Until recently there could be no serious debate about perhaps the most important question in all of baseball: who is the best player of all-time? You may hear a 'Ted Williams' out of Boston, but the near unanimous answer has been Babe Ruth for decades; until now.
Ruth won a Survivor-like contest done by the SABR in 2002, edging Honus Wagner in the final, unanimously. However, in 2002, we had yet to see all that Barry Bonds had to offer.
Between 2001 and 2004 Bonds won 4 consecutive MVP awards, 2 batting crowns, and was a home-run king; not to mention he broke the single-season records for home runs, OBP, SLG, and BB. Over that period he blasted 209 long balls, matching Ruth's total between '27 and '30, the best stretch of his career. Bonds' OBP over that period was better than Ruth's best season (.556 vs .545), and he slugged .809, which Ruth only surpassed in two single seasons. '01 - '04 was the single most dominant run of sustained success in the history of the game.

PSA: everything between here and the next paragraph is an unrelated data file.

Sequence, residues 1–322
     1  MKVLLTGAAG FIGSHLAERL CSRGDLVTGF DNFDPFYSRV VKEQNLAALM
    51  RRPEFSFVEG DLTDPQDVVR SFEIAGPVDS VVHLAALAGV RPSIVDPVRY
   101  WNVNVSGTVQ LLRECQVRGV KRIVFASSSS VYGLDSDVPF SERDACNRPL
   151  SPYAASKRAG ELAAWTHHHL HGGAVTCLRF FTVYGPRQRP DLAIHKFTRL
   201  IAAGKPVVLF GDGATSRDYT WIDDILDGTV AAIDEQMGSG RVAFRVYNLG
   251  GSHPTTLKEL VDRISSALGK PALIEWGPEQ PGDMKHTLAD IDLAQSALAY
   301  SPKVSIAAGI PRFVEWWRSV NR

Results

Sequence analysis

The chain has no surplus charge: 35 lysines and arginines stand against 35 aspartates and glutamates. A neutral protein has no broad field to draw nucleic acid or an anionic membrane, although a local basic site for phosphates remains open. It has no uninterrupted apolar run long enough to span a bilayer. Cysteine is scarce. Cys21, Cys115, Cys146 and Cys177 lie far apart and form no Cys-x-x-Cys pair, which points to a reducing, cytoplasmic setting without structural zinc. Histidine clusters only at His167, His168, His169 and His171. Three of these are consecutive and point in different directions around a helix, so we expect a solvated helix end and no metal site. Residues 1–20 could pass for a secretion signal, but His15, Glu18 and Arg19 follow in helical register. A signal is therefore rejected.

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Normalized Statistics (age 21 - 39)
Name AVG OBP SLG
Bonds .312 .436 .664
Ruth .299 .432 .599
Ruth's career, translated forward to begin in 1984, would've finished with a .274 EqA, or roughly the same as Tino Martinez and Raul Mondesi. By this standard, run by Baseball Prospectus, Bonds makes Ruth look like a marginal major leaguer. However, Ruth's estimated career totals if his career started in 1984 have him with 913 HR, 2,092 RBI, and just 14 shy of 2,000 Runs scored, slugging a mammoth .682. On the flip-side, Barry Bonds' estimated career totals had he began in 1916 give him 444 HR, 1,751 RBI, and 2,029 Runs, slugging .612.
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Name PA EqA EqR BRAR
Ruth 10,617 .364 2,307 1,577
Bonds 11,636 .354 2,447 1,636
Most of the information and statistics above were taken from Baseball Between the Numbers, the Batting Practice portion written by Nate Silver.
So, from a statistical standpoint, who is the best ballplayer of all-time? Ruth? Bonds? Someone else? Support your answer.